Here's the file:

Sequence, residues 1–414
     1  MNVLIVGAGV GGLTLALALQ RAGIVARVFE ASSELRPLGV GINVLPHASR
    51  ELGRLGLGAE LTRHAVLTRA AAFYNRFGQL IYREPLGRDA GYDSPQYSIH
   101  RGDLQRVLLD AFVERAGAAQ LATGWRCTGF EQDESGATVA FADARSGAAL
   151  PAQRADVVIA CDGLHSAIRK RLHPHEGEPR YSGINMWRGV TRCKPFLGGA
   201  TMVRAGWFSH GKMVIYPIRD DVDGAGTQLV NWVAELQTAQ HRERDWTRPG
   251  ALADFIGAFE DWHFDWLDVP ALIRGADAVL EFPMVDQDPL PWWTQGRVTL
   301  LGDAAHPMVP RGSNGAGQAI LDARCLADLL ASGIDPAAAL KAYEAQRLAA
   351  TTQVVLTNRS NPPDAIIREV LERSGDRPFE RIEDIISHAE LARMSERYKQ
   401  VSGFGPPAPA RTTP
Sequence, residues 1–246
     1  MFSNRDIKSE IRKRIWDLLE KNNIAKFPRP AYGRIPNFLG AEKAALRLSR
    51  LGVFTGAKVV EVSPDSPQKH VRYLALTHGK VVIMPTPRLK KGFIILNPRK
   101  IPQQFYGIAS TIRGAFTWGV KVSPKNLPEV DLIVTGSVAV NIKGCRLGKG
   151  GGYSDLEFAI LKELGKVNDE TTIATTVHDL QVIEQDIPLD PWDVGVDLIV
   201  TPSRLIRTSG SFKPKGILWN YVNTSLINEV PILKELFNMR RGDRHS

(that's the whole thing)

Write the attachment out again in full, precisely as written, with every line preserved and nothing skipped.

Sequence, residues 1–414
     1  MNVLIVGAGV GGLTLALALQ RAGIVARVFE ASSELRPLGV GINVLPHASR
    51  ELGRLGLGAE LTRHAVLTRA AAFYNRFGQL IYREPLGRDA GYDSPQYSIH
   101  RGDLQRVLLD AFVERAGAAQ LATGWRCTGF EQDESGATVA FADARSGAAL
   151  PAQRADVVIA CDGLHSAIRK RLHPHEGEPR YSGINMWRGV TRCKPFLGGA
   201  TMVRAGWFSH GKMVIYPIRD DVDGAGTQLV NWVAELQTAQ HRERDWTRPG
   251  ALADFIGAFE DWHFDWLDVP ALIRGADAVL EFPMVDQDPL PWWTQGRVTL
   301  LGDAAHPMVP RGSNGAGQAI LDARCLADLL ASGIDPAAAL KAYEAQRLAA
   351  TTQVVLTNRS NPPDAIIREV LERSGDRPFE RIEDIISHAE LARMSERYKQ
   401  VSGFGPPAPA RTTP
Sequence, residues 1–246
     1  MFSNRDIKSE IRKRIWDLLE KNNIAKFPRP AYGRIPNFLG AEKAALRLSR
    51  LGVFTGAKVV EVSPDSPQKH VRYLALTHGK VVIMPTPRLK KGFIILNPRK
   101  IPQQFYGIAS TIRGAFTWGV KVSPKNLPEV DLIVTGSVAV NIKGCRLGKG
   151  GGYSDLEFAI LKELGKVNDE TTIATTVHDL QVIEQDIPLD PWDVGVDLIV
   201  TPSRLIRTSG SFKPKGILWN YVNTSLINEV PILKELFNMR RGDRHS